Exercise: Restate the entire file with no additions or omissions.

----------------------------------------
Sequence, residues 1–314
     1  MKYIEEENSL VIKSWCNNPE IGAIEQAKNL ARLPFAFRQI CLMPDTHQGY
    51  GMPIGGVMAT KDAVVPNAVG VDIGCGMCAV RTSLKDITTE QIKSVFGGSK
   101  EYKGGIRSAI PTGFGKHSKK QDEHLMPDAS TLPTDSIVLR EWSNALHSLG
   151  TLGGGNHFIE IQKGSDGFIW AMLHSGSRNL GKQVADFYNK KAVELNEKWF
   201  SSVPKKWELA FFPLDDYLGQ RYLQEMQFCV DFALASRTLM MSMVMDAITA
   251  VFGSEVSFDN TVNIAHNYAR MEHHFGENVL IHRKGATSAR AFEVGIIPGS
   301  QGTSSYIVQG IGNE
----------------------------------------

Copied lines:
Sequence, residues 1–314
     1  MKYIEEENSL VIKSWCNNPE IGAIEQAKNL ARLPFAFRQI CLMPDTHQGY
    51  GMPIGGVMAT KDAVVPNAVG VDIGCGMCAV RTSLKDITTE QIKSVFGGSK
   101  EYKGGIRSAI PTGFGKHSKK QDEHLMPDAS TLPTDSIVLR EWSNALHSLG
   151  TLGGGNHFIE IQKGSDGFIW AMLHSGSRNL GKQVADFYNK KAVELNEKWF
   201  SSVPKKWELA FFPLDDYLGQ RYLQEMQFCV DFALASRTLM MSMVMDAITA
   251  VFGSEVSFDN TVNIAHNYAR MEHHFGENVL IHRKGATSAR AFEVGIIPGS
   301  QGTSSYIVQG IGNE